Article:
Lipset's first wife, Elsie, died in 1987. With her, he had three children: David, Daniel, and Cici. David Lipset is Professor of Anthropology at the University of Minnesota. In addition to his three children, and six grandchildren, Lipset is survived by his second wife, Sydnee, whom he married in 1990.

Besides making substantial contributions to cleavage theory, with his partner Stein Rokkan, Lipset was one of the first proponents of the "theory of modernization", which holds that democracy is the direct result of economic growth.


“The more well-to-do a nation, the greater the chances that it will sustain democracy.”[2]

"Those who only know one country know no country."



  1. ^ Metta Spence, "Lipset's Gift to Peace Workers: On Getting and Keeping Democracy
  2. ^ Some Social Requisites of Democracy: Economic Development and Political Legitimacy, Seymour Martin Lipset,The American Political Science Review, Vol. 53, No. 1. (Mar., 1959), pp. 69-105.Stable URL:

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  • Seymour Martin Lipset — (* 18. März 1922 in New York; † 31. Dezember 2006 in Arlington, Virginia) war ein US amerikanischer Soziologe und Politikwissenschaftler. Seymour Martin Lipset hat 1967 zusammen mit Stein Rokkan die für die Parteienforschung wichtige Cleavage… …   Deutsch Wikipedia

  • Seymour Martin Lipset — (18 de marzo de 1922 31 de diciembre de 2006) fue un sociólogo y político de los Estados Unidos, miembro senior de la Institución Hoover , profesor de política pública en la Universidad George Mason y presidente de la American Sociological… …   Wikipedia Español

  • LIPSET, SEYMOUR MARTIN — (1922–2006), U.S. sociologist. Born in New York City, Lipset taught at Columbia University, the University of Toronto, and at Berkeley, California, before becoming professor in the department of social relations at Harvard University. He served… …   Encyclopedia of Judaism

  • Lipset, Seymour Martin — born March 18, 1922, New York, N.Y., U.S. U.S. sociologist and political scientist. He received his bachelor s degree from the City College of New York and his Ph.D. from Columbia University, where he later taught (1950–56). While teaching at the …   Universalium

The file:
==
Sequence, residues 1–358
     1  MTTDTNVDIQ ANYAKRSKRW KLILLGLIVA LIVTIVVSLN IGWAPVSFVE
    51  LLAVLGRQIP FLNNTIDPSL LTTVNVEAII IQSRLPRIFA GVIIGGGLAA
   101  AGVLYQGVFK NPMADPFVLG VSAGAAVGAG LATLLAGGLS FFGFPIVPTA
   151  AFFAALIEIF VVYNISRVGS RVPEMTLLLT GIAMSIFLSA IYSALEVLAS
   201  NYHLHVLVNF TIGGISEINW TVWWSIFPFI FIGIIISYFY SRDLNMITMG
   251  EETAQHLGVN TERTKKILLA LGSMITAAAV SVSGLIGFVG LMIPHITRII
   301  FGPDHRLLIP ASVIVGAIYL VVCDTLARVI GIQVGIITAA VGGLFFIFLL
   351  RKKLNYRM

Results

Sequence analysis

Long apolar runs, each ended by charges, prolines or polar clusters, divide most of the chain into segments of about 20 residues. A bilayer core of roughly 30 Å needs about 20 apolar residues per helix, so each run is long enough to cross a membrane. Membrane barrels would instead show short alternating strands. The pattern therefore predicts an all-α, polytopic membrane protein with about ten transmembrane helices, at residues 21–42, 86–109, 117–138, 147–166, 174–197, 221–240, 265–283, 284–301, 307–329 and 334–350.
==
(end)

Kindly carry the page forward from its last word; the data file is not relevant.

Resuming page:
• Lipset — Seymour Martin Lipset (* 18. März 1922 in New York; † 31. Dezember 2006 in Arlington, Virginia) war ein US amerikanischer Soziologe und Politikwissenschaftler. Seymour Martin Lipset hat 1967 zusammen mit Stein Rokkan die für die Parteienforschung …   Deutsch Wikipedia

  • Lipset, Seymour Martin — (n. 18 mar. 1922, Nueva York, N.Y., EE.UU.). Sociólogo y cientista político estadounidense. Obtuvo su grado de bachiller en el City College de Nueva York y su Ph.D. de la Universidad de Columbia, donde más tarde enseñó (1950–56). En la… …   Enciclopedia Universal

  • Seymour — Seymour, Edward Seymour, Jane * * * (as used in expressions) Benzer, Seymour Bridges, Robert (Seymour) Cray, Seymour R(oger) Fonda, Jane (Seymour) Hersh, Seymour (Myron) Lipset, Seymour Martin Seymour, Jane Somerset, Edward Seymour, 1 duque de… …   Enciclopedia Universal

  • Lipset —   [ lɪpsɪt], Seymour Martin, amerikanischer Soziologe, * New York 18. 3. 1922; 1956 66 Professor in Berkeley (Calif.), seit 1966 an der Harvard University in Cambridge (Massachusetts). Schwerpunkte seiner Arbeit sind politische Soziologie und… …   Universal-Lexikon

  • Seymour — /see mawr, mohr/, n. 1. Jane, c1510 37, third wife of Henry VIII of England and mother of Edward VI. 2. a city in S Indiana. 15,050. 3. a town in S Connecticut. 13,434. 4. a male given name. * * * (as used in expressions) Benzer Seymour Bridges… …   Universalium

  • martin — /mahr tn/, n. any of several swallows having a deeply forked tail and long, pointed wings. Cf. house martin, purple martin. [1425 75; late ME (Scots) martoune; presumably generic use of the personal name ( < F < LL Martinus), traditionally by… …   Universalium